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Paid-TV market is consolidating as ranks shift

With SK dropping to third place after LG U+ deal, merger expected

Feb 21,2019
Korea’s paid-TV market is on the cusp of a major transformation.

Just days after internet protocol TV (IPTV) provider LG U+ announced plans to acquire CJ Hello, a cable company, reports surfaced that SK Broadband was planning to merge with t-broad, the No. 2 cable operator.

“SK Telecom and Taekwang Group, the holding companies of SK Broadband and t-broad, are currently negotiating the merger of their TV operations,” said a source on the condition of anonymity.

“It’s possible that the two companies will sign a memorandum of agreement this week,” the source added.

A merger is expected to allow SK Broadband to strengthen its foothold in the paid-TV market in a cost-efficient way as it would only require a stock swap with t-broad.

SK Broadband is currently Korea’s second-largest IPTV provider after KT. With LG’s acquisition of CJ Hello, Korea’s largest cable company, however, SK is at risk of losing second place and becoming the country’s smallest IPTV provider in subscriber numbers.

Market watchers predict that with an SK merger on the way, KT will have no choice but to pursue transactions on its own to stay ahead of the game. KT is reportedly considering acquiring D’Live, another cable company.

“If SK Broadband merges with t-broad, it’ll become more likely for KT to acquire a cable company,” said Kim Joon-seob, an analyst for KB Securities. “Because KT and KT SkyLife’s combined market share is currently at 30.86 percent, however, the company will probably move forward with the acquisition after the National Assembly comes to a decision on paid broadcasting regulations.”

KT SkyLife is the mobile carrier’s satellite broadcasting provider.

The National Assembly’s Science, ICT, Broadcasting and Communications Committee is set to decide next Monday on whether to reintroduce a rule that expired last June that prevents a paid-TV provider from controlling more than 33 percent of the market. If the committee agrees to reintroduce the rule, it may be impossible for KT to acquire D’Live, which has a 6.4 percent market share.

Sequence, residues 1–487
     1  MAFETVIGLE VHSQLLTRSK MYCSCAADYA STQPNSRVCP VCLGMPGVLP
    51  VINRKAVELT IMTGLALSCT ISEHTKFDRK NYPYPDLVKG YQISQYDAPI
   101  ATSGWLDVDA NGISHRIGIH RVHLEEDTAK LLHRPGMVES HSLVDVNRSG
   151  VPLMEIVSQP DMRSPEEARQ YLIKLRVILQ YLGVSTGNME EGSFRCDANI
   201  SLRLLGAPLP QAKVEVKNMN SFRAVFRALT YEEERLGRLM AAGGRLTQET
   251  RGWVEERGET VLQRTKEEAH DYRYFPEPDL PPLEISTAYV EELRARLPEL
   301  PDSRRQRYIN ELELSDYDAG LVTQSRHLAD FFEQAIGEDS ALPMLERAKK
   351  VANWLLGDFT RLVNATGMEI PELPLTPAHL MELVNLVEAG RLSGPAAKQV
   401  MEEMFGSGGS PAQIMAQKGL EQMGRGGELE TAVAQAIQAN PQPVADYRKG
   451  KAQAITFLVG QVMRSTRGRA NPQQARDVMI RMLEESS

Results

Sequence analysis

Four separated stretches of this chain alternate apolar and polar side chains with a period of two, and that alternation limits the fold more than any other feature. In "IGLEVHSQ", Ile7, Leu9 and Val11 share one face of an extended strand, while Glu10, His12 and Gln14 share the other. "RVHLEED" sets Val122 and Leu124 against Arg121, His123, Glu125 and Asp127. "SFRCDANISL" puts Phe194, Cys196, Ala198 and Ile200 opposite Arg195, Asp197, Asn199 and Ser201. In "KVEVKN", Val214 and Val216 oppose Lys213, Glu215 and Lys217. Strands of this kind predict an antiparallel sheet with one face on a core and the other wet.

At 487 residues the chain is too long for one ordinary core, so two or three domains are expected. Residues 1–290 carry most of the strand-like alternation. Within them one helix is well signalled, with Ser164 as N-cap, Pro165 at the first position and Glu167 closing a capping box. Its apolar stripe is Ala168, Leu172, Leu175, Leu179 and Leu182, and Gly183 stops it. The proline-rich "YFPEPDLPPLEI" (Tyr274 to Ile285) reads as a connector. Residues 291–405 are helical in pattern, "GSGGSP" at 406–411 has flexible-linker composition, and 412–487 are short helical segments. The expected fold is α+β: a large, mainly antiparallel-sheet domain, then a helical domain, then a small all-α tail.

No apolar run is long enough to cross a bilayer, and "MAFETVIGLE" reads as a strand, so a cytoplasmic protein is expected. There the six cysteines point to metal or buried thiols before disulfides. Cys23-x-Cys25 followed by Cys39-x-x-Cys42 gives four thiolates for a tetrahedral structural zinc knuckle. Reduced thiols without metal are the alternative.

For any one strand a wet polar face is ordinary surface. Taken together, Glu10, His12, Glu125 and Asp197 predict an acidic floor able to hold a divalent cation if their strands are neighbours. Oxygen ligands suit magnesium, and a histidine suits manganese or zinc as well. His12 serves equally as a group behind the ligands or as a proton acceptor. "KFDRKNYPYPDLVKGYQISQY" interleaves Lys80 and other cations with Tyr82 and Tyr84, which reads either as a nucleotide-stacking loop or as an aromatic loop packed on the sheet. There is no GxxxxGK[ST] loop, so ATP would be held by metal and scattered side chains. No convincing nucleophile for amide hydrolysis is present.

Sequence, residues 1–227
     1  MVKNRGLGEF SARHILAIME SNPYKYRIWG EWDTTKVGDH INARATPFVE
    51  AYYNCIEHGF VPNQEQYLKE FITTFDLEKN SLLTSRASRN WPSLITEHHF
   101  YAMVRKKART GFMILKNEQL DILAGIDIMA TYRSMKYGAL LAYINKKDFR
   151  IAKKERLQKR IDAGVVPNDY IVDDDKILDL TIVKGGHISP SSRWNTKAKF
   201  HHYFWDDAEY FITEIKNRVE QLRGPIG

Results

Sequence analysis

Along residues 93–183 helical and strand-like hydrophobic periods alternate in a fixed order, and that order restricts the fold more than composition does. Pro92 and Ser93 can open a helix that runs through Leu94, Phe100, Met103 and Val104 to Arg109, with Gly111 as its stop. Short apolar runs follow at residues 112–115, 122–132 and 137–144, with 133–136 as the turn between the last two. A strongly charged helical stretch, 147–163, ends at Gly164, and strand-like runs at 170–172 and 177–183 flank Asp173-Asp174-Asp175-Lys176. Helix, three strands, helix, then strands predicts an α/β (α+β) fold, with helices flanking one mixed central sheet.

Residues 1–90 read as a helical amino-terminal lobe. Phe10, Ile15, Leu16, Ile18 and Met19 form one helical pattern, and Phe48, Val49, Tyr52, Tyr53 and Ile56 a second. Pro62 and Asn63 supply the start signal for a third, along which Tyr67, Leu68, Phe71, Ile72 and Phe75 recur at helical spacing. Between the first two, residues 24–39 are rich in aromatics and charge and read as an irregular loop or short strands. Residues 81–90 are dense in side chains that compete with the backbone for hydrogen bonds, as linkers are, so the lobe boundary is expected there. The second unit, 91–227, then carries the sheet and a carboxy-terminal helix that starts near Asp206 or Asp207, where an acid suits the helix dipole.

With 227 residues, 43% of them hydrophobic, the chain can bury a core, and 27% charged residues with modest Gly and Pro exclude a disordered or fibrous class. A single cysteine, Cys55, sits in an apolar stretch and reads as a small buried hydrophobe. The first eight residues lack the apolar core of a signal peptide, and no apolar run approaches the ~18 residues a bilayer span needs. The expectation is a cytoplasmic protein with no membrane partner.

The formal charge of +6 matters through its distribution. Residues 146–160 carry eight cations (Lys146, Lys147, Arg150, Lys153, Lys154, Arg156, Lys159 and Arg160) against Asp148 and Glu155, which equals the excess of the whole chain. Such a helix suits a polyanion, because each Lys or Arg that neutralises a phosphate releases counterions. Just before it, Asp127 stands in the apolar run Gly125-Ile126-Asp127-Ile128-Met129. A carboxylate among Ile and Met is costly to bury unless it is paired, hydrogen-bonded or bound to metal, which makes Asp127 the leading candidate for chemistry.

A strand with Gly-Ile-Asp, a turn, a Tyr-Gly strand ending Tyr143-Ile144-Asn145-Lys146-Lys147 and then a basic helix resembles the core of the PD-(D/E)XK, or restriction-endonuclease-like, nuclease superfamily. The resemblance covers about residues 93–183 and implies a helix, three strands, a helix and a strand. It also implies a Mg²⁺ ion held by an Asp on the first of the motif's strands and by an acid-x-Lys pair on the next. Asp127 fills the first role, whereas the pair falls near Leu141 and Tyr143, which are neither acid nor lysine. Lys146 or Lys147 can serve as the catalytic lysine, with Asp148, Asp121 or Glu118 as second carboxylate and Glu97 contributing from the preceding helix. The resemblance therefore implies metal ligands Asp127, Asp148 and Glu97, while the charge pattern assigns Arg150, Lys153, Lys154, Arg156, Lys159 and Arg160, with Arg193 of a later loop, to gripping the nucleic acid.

Industry experts believe that cable company-IPTV combinations are inevitable as demand for on-demand TV services continue to grow.

IPTV providers collectively generated 2.93 trillion won ($2.59 billion) in revenue in 2017, posting 20.5 percent growth year on year, according to the Ministry of Science and ICT. Cable TV companies, by contrast, generated 2.13 trillion won in revenue in 2017, 1.8 percent less than in the previous year.

The mobile carriers, which are each related to an IPTV provider, are also being pushed to develop their TV and media services as new sources of revenue given the saturated mobile market and falling telecom profits.

“Mobile carriers will see revenues rise if they gain access to cheap content, save on shared network usage fees and sell customer service package deals through merger-acquisitions,” said Jeong Ji-soo, an analyst from Meritz Securities.

For the IPTV providers, the race to attract new users is already in full swing. LG U+ launched U+tv Bravo Life, which offers health and travel-related content targeting older customers, last Tuesday. SK Broadband is set to strengthen its children’s content, while KT is offering bonus content.


BY KIM GYEONG-JIN [kim.eunjin1@joongang.co.kr]


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